What Happened to the Pittsburgh Pirates?


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Pirates – There are still two games left to lose

Twelve wins.

For the promises of the currently expiring five-year plan and its big-money draft picks, prospect-raking trades and hopeless free agent acquisitions, the Pirates will have improved by a whopping 12 wins over the 2007 season.

Perhaps.

Since posting a 68-94 record in ’07 (Dave Littlefield’s final, acrimonious season as Pirates general manager), the Bucs can boast an improvement of as many as twelve wins over that campaign, one which begat the signing of rookie GM Neal Huntington, awaited the Andrew McCutchen era and promised a new definition of Pirates baseball.

That, or it may be just a ten-win improvement. There are still two games left to lose.

Even in early September, the hope remained that the club could at least pull off the season to break the streak. About a month later, the Pirates did a sufficient job of making me look like a dummy for having said this:

With 26 games remaining, the Pirates (72-64) have already matched their win total from a year ago and have a .556 winning percentage (30-24) against the six clubs they’ll face to close out the regular season. At eight games above .500, it will take some kind of collapse down the stretch—a 9-17 record, to be exact—to ensure a North American sports-record 20th-consecutive losing season.

So is it too early to tab the 2012 season a success?

It was too early. There’s no longer any way to dub this season a success. The Pirates have gone 7-19 in their last 26 games.

Progress.

2012 has been the fifth season under the stewardship of Huntington and president Frank Coonelly, one which was supposed to see yet another five-year plan realize its potential in the form of a competitive ball club. For a time this season, the team was more than competitive. For a time.

Since July turned to August, the Pirates have turned back into their version of Cinderella’s pumpkin. The only thing the Bucs have beaten in the second half of each of the last two seasons is history. No baseball club had ever fallen from first place in July to as many as 20 games back as the Pirates did in 2011. As ESPN’s Jayson Stark noted, no club in history had fallen from 16 games above .500 after 108 games (the Pirates’ high-water mark this year) to a sub-.500 record at season’s close, as the Pirates managed to do over the weekend.

Two records of futility in back-to-back years, setting new benchmarks for bumbling that surpass all mediocrity in recorded baseball history.

Do you have any idea how extensive baseball history is?

Not only have the standings free-falls been perfectly gut-wrenching in nature, each of which managed to extend the team’s own record of consecutive losing seasons to a North American professional sports low of 20 straight years.

One wonders if that made it to the first draft of Huntington’s five-year plan.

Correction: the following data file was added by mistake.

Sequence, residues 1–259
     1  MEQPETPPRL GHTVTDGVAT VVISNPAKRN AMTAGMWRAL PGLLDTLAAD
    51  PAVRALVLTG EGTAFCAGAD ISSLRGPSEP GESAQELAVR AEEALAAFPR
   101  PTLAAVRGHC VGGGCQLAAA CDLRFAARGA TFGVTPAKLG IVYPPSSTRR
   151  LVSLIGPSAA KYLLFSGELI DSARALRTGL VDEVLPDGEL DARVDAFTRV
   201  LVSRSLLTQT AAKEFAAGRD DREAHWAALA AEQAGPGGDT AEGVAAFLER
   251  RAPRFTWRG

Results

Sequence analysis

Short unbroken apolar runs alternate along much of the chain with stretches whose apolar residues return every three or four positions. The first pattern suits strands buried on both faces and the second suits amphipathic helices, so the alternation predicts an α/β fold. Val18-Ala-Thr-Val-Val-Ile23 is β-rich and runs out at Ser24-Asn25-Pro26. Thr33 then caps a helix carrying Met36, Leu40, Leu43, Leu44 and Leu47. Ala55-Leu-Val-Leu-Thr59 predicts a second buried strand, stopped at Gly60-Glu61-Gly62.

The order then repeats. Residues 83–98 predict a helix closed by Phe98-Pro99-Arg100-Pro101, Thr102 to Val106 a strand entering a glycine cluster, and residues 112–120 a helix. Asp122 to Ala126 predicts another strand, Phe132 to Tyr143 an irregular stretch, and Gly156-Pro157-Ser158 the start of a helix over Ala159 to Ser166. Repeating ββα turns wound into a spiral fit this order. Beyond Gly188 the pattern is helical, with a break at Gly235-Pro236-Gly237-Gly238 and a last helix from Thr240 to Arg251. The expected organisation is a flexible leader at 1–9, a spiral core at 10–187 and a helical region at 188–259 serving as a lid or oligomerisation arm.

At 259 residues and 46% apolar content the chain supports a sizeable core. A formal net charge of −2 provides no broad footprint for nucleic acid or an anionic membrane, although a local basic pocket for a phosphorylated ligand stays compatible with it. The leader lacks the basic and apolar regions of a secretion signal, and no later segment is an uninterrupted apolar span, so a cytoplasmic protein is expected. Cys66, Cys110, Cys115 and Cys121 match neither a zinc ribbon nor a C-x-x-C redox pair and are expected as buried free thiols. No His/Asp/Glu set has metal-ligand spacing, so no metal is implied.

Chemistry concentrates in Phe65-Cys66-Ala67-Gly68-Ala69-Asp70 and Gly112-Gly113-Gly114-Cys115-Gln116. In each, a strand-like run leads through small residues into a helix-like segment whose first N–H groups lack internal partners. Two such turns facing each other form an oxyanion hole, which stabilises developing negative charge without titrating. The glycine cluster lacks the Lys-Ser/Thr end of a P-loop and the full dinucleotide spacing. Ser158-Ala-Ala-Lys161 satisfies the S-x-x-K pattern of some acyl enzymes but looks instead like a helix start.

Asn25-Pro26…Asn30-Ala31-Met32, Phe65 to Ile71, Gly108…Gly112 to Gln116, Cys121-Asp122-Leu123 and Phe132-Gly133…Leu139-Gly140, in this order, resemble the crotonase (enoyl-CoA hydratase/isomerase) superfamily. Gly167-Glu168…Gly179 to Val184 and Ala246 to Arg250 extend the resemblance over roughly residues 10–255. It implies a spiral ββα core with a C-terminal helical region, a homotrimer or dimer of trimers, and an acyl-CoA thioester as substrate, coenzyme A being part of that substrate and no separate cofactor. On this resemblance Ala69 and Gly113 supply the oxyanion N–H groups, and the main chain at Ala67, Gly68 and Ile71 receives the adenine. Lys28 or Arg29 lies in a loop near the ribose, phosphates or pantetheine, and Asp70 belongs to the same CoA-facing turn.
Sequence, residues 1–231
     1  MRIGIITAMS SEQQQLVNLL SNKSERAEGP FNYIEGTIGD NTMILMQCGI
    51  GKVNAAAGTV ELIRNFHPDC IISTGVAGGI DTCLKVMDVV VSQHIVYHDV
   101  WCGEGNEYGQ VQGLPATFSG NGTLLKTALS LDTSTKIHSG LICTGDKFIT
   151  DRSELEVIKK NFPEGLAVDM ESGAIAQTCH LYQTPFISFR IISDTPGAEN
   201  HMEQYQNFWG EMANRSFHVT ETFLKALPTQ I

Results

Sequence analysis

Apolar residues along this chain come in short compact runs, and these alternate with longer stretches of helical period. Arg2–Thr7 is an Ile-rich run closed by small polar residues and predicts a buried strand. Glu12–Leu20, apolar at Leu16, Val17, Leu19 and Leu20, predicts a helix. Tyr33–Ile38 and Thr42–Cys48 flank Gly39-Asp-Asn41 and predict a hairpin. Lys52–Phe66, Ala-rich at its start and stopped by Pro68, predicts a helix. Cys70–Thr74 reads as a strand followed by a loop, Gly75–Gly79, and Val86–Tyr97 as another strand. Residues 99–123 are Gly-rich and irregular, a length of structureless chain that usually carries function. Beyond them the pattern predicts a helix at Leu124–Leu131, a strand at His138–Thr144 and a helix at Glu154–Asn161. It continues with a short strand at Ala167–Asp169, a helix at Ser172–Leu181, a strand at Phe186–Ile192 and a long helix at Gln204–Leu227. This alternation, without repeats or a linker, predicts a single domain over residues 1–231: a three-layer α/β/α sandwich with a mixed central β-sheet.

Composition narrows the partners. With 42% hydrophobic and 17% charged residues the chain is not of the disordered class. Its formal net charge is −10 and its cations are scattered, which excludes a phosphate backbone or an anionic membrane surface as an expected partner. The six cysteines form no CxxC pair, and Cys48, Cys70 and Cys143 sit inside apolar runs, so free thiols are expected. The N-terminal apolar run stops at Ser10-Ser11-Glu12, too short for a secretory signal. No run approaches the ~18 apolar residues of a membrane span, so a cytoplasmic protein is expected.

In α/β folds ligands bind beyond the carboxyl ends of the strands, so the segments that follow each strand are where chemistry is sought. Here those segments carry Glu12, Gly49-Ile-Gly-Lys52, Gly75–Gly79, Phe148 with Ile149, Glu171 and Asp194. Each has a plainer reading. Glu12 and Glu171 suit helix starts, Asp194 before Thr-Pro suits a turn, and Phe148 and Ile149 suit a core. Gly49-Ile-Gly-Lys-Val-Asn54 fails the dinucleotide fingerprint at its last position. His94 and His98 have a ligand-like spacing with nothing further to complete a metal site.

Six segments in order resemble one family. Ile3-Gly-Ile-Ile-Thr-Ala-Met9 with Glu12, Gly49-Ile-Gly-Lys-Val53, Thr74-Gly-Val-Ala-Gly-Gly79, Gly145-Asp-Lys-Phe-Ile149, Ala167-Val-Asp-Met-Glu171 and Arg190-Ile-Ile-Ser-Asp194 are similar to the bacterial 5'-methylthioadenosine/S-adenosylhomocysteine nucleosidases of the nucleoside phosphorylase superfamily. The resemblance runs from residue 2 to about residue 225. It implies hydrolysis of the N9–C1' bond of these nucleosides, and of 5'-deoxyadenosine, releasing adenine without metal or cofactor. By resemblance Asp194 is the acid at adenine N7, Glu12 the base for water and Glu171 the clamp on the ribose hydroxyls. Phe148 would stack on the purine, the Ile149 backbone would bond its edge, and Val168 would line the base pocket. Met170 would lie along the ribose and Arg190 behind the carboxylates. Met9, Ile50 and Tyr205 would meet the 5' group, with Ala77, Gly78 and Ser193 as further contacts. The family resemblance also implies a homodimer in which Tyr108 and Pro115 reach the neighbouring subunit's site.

Throw out the numbers and forget for a moment that a near- to sub-.500 record and fourth in the NL Central is about where many, at the outset of this season, expected the Pirates to finish. How they got there is enough to cost people jobs. As in, lots of jobs. As in, a presidential-attack-ad number of jobs.

Clean house and start with a staff who knows how to win. As Pittsburgh has amply demonstrated through a pair of crushing late-season free falls, winning is an organizational art that depends on much more than the superhuman play of one outfielder.

Fire the front office staff whose best free agent acquisition in any given offseason should be lucky to finish his Pirates career with AAA Indianapolis, if only to remain a part of the organization at all. Only free agents Clint Barmes and Rod Barajas managed to stick with the club throughout this season, and AJ Burnett’s preference for Barajas as his personal signal caller is perhaps all that keeps that list at two. The Pirates have flushed some $10-12 million in other 2012 free agents out of the organization already.

Fire the beancounters and PR goons who can’t separate the business of baseball from the business of winning. The ones who took half the team on a charity clay-pigeon shoot the morning after a red-eye flight from San Diego that followed a 20-games-in-20-days slog, and which coincided with the team falling out of playoff position for good.

Fire every person in the building who doesn’t think the team’s miraculously patient fanbase just doesn’t understand the good things they’re doing behind the scenes.

I can’t refer back to the stats machines and find out if the Pirates were able to squeeze above-average production out of a lineup that is still woefully mediocre outside of a few positions. No one should have to. After five years, the only stat that can possibly matter is wins, and here is every number you need to know about the Pirates’ winning ways.

– .415 winning percentage

– 10-12 game improvement since 2007

– 2 consecutive second-halves with sub-.400 winning percentage

– 0 winning seasons

– 0 playoff appearances

Clean house. Start fresh. Save the money normally reserved for catchers with .200 batting averages and caught-stealing percentages hovering around zero and use it to pay for a front office that knows how to identify talent, how to develop it and how to win with it.

Anything less would be more of the same.